The ideal weight loss is around 1 to 2 pounds or 0.5 to 1 kilogram per week according to research. Furthermore, many research studies show that more rapid weight loss leads to regaining the lost weight (and possibly more) in the long run.
Thus, when setting goals, start small and achievable. Don’t try and aim for your ultimate goal or set yourself unrealistic goals. This only sets you up to fail and decreases your motivation.
Click the link for some GREAT motivational tips.
An Example of How to Set SMART Goals ‘A’
So, for example, with the same goal in mind ‘to lose weight and get fit’
- Don’t say to yourself, ‘I’m going to lose 20 kilograms in 3 months’ but rather ‘I’m going to lose between one and two pounds this week’
- Monitor your progress regularly and give yourself small rewards for every goal attained
- For exercising, don’t say I’m going to run 3 kilometres today. Start slowly and do a 15 to 20-minute fast walk three days a week
- Gradually build up day by day and week by week until you are jogging 30 to 40 minutes per day and so on.
- I know it’s a cliché but small steps are the key to success. Break down the goal into doable chunks rather than looking at the whole.
- Think about time. So, for example, don’t expect that you’re going to be at the gym for three hours an evening if you finish work at 6 pm and have other commitments in the evening
- Finances are important too. If you don’t have spare cash, don’t overstretch yourself for that gym membership and personal trainer. You can incorporate an exercise program into your daily routine. There are many fitness videos that you can do in the comfort of your own lounge. Walk to the shops rather than take the car.
What are SMART Goals? The Letter ‘R’
The fourth letter of SMART, ‘R’ stands for Relevant or Realistic.
Although this section applies more to the corporate world it can still apply to weight loss and fitness goals.
There is a cross over with the attainable section here. Is your goal relevant and realistic?
For example, if you have a healthy Body Mass Index (BMI) do you really need to lose another 10 kgs? Is it more a matter of changing to a more healthy diet and starting an exercise regime?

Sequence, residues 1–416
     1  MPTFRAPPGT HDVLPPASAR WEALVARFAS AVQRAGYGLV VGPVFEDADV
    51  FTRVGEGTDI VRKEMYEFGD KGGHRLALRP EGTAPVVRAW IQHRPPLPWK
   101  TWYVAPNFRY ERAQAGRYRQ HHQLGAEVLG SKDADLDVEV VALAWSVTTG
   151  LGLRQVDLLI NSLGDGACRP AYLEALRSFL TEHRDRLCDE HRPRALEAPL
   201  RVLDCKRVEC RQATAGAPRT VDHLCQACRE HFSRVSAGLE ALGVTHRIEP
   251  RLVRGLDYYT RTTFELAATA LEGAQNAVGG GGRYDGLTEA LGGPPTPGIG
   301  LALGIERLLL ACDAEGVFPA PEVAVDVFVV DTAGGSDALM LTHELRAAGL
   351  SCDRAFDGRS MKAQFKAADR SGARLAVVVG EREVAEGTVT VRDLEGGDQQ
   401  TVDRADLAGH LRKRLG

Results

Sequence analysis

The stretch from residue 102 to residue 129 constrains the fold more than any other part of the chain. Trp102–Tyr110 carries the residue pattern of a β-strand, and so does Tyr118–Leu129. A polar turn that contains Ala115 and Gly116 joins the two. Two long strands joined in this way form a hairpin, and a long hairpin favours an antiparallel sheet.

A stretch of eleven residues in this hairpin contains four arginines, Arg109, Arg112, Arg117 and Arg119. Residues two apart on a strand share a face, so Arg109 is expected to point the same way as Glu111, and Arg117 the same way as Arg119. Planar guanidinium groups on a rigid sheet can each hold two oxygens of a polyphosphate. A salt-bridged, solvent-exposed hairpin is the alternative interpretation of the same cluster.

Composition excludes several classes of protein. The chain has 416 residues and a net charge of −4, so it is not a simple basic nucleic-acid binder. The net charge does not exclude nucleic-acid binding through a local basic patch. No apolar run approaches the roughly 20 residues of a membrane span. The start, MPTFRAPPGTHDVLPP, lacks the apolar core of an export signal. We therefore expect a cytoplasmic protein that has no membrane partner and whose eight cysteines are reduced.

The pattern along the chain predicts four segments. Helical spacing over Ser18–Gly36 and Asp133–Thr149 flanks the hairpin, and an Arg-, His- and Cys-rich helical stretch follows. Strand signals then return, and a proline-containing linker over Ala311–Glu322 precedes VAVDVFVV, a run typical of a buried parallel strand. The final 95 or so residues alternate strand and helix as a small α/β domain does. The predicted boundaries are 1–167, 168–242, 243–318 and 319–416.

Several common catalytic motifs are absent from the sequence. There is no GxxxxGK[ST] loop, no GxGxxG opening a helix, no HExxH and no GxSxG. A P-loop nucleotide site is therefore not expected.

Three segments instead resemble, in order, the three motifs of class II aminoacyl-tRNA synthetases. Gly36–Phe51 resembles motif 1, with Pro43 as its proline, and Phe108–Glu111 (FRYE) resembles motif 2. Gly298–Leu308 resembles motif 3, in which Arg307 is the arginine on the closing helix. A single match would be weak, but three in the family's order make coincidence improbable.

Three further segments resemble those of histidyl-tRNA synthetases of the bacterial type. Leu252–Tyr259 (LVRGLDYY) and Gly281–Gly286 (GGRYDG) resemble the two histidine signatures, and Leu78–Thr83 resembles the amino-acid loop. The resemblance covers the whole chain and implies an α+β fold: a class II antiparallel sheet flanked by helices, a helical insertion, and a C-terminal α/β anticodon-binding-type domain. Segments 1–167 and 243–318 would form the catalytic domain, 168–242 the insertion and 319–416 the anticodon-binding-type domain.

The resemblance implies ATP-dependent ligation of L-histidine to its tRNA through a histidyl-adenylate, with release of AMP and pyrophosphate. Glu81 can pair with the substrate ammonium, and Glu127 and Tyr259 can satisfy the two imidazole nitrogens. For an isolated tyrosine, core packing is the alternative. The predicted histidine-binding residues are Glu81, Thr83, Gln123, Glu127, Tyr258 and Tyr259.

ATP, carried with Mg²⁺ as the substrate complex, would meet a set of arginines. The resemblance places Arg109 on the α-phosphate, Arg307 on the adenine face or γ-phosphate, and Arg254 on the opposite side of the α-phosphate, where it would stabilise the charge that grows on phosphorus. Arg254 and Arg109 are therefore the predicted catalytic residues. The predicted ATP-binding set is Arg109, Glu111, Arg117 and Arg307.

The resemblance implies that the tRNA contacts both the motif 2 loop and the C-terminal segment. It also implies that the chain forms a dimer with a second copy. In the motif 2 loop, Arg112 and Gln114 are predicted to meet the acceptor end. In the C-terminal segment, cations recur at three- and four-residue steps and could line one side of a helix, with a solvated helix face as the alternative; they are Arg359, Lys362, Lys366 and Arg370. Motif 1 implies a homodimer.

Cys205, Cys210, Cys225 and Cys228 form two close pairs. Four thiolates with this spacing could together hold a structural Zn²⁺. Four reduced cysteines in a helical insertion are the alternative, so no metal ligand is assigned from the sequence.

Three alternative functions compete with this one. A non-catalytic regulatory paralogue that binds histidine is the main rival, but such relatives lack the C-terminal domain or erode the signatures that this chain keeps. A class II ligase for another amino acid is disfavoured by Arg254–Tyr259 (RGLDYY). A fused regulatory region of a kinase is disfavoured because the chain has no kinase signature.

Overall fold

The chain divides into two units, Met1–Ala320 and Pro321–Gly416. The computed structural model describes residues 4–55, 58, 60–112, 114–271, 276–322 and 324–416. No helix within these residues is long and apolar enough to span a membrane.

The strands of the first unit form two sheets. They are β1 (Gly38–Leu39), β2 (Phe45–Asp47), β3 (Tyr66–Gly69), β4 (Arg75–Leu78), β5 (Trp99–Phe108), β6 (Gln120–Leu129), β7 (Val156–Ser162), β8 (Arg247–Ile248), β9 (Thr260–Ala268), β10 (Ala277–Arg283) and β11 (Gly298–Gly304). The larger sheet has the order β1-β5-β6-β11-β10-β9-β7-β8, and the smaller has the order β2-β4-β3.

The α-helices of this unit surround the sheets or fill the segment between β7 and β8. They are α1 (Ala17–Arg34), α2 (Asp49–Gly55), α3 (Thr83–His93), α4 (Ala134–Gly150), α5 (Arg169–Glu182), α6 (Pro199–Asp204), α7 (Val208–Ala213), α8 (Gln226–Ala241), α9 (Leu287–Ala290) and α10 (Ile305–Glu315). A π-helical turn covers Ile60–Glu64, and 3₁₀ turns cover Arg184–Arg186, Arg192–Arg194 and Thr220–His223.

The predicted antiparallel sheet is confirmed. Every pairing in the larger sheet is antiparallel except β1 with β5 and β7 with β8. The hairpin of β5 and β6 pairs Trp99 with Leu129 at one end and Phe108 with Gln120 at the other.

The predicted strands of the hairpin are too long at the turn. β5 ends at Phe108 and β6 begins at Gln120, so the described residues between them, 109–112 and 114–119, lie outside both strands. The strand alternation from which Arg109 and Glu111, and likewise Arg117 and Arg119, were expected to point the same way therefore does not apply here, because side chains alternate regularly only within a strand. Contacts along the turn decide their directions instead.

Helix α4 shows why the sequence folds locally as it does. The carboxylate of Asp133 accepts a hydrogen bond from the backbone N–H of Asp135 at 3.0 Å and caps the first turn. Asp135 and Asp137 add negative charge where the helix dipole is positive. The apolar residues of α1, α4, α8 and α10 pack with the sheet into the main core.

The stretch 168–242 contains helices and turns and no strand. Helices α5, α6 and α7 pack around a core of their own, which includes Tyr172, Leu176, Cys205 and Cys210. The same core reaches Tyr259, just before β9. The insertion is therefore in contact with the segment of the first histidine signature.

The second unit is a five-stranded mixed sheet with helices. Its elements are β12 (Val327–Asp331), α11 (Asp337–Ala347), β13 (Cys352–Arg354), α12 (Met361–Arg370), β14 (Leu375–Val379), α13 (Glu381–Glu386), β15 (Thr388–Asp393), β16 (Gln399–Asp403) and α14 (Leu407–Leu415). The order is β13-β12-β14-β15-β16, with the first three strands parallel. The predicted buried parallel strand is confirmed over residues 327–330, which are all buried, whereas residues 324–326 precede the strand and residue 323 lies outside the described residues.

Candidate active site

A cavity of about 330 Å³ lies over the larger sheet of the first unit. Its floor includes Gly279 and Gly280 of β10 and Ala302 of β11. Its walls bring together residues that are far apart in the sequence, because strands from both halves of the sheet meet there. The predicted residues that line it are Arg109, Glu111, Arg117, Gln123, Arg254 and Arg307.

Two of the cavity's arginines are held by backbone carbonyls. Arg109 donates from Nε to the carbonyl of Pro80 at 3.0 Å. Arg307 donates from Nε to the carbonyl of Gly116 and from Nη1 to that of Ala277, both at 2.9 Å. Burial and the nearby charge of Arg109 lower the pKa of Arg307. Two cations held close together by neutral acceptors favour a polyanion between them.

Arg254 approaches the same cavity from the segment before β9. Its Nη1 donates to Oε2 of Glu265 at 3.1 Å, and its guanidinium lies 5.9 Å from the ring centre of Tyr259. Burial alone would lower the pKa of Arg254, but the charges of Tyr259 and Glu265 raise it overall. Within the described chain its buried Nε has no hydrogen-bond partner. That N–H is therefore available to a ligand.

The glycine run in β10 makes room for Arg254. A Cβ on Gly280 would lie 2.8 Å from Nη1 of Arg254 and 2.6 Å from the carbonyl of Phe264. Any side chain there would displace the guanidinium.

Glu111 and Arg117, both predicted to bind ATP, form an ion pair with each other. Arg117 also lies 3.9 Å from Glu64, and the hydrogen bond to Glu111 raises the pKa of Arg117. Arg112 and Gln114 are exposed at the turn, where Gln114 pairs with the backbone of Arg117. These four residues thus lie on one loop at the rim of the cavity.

The Letter ‘T’
The fifth and final letter of SMART, ‘T’ stands for Timely or Time-Bound.
The final letter of SMART stands for a time frame.
With no time frame at all, there is absolutely no sense of urgency. So, if you want to lose 20 lbs when do you want to lose it by? The word ‘someday’ will not work.
However, if you anchor your goal within a specific time frame, say by the May 1st (6 months from now) I want to lose 20 pounds you have set your unconscious mind into motion.
‘T‘ can also stand for ‘tangible‘. This means that you can experience the goal with one of your senses like taste, touch, smell, sight or hearing. For example, after three or four months of weight loss and fitness training, you should be able to see and feel the improvements in your body and health.
Summary of SMART Goal Setting
Let’s do a quick recap.
For ultimate success in goal setting, you need to think Specific, Measurable, Attainable, Relevant and Time-based.
So, get yourself a journal and start writing your goals.
Furthermore, you could journal your feelings, food intake and exercise as you go. Research has shown that journaling can REALLY improve your chances of weight loss.
- How to Avoid Food Cravings
- Motivation for Weight Loss
- How to Lose Weight Fast: The Halls 8-Step Plan to Weight Loss
- Weight Loss Tips: 5 of the Best
- Weight Watchers
- Why am I not losing weight?
More Reading on halls.md
- Full Index of ALL our Weight Loss Posts
- ALL our Articles on Weight Loss Diets
- Diets for Diseases
- ALL our articles on Anxiety Disorders
- Calculators, height and weight and BMI articles
Return to Home